> Agreed, but I still keep thinking that despite some peoples 
> claims that Windows ain't up to it, DB2, SQL and Exchange 
> Server as well a probably others that don't use raw 
> partitions have got over this problem, so therefore we should 
> be able to. Admittedly Microsoft have a bit of an advantage 
> over us, but there must be some accessible way of flushing 
> the buffers in a guaranteed way. I'll look into it some more 
> today if I can...

FWIW, I beleive all the mentioned products (Ok, at least SQL and
Exchange) use the CreateFile() API with the flag FILE_FLAG_NO_BUFFERING.
It has the following constraints, though, which they code around in the
app code I guess:

Instructs the system to open the file with no intermediate buffering or
caching. When combined with FILE_FLAG_OVERLAPPED, the flag gives maximum
asynchronous performance, because the I/O does not rely on the
synchronous operations of the memory manager. However, some I/O
operations will take longer, because data is not being held in the
An application must meet certain requirements when working with files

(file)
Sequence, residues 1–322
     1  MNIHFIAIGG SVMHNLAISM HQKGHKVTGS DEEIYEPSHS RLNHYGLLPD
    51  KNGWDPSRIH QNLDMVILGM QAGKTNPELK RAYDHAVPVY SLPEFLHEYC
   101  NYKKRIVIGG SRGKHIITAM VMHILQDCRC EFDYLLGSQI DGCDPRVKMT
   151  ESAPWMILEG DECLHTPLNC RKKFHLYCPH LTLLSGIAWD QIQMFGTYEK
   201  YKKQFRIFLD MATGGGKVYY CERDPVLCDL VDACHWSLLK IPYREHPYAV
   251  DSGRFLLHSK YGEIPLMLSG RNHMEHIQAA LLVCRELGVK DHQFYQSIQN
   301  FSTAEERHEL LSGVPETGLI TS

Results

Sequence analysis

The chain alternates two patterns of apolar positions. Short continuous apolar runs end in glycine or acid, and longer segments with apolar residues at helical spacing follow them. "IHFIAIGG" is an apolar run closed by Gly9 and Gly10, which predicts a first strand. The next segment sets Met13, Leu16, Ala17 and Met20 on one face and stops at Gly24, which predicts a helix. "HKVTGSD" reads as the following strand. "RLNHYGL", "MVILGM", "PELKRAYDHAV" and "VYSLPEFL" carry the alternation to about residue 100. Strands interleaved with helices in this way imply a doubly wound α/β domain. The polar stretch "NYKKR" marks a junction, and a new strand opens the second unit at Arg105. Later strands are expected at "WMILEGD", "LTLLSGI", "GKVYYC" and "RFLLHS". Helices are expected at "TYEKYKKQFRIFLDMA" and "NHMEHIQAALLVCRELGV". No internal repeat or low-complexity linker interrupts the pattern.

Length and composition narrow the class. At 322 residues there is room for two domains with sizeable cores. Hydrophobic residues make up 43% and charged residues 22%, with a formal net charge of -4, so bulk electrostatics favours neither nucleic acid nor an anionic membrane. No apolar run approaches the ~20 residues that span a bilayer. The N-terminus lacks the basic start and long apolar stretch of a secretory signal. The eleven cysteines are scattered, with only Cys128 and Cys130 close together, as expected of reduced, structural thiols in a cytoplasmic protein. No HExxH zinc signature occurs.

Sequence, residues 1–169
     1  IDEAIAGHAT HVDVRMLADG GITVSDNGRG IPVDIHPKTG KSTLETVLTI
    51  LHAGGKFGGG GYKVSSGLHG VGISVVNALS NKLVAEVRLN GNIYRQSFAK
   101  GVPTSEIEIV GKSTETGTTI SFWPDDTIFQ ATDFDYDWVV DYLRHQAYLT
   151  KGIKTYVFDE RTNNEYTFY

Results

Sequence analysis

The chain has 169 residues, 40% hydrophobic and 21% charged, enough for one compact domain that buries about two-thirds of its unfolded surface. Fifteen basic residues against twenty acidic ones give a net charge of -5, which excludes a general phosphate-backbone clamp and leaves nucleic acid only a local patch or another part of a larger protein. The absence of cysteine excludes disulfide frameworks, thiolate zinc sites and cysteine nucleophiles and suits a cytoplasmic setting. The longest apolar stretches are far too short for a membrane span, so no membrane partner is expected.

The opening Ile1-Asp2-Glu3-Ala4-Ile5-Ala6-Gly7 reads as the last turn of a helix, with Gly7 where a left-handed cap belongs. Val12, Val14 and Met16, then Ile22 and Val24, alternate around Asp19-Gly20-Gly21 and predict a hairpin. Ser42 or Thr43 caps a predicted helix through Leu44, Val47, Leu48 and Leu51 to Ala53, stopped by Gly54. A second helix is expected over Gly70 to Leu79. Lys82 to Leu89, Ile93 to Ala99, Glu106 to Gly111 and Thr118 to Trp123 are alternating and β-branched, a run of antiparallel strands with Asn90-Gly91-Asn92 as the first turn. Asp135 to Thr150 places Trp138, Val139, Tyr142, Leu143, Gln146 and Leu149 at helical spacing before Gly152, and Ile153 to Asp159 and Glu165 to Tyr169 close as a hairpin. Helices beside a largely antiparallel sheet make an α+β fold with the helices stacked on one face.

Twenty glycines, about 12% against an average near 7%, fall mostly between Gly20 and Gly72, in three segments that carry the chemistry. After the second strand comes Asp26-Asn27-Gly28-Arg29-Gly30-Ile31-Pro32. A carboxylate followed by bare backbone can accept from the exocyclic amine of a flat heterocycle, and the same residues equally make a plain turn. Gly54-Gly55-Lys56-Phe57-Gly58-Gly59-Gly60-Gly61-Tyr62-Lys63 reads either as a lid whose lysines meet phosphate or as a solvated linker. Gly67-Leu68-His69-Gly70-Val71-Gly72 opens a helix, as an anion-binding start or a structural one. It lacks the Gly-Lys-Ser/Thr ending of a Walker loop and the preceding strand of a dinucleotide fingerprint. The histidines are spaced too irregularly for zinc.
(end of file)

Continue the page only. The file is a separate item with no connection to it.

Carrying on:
File access must begin at byte offsets within the file that are integer
multiples of the volume's sector size.

File access must be for numbers of bytes that are integer multiples of
the volume's sector size. For example, if the sector size is 512 bytes,
an application can request reads and writes of 512, 1024, or 2048 bytes,
but not of 335, 981, or 7171 bytes.

Buffer addresses for read and write operations should be sector aligned
(aligned on addresses in memory that are integer multiples of the
volume's sector size). Depending on the disk, this requirement may not
be enforced.

One way to align buffers on integer multiples of the volume sector size
is to use VirtualAlloc to allocate the buffers. It allocates memory that
is aligned on addresses that are integer multiples of the operating
system's memory page size. Because both memory page and volume sector
sizes are powers of 2, this memory is also aligned on addresses that are
integer multiples of a volume's sector size.

An application can determine a volume's sector size by calling the
GetDiskFreeSpace function.

There is also the flag FILE_FLAG_WRITE_THROUGH which says:
Instructs the system to write through any intermediate cache and go
directly to disk. The system can still cache write operations, but
cannot lazily flush them.

But that's the CreateFile() Win32 API. The question is how the fopen()
etc calls are mapped to Win32 calls, I'd guess.


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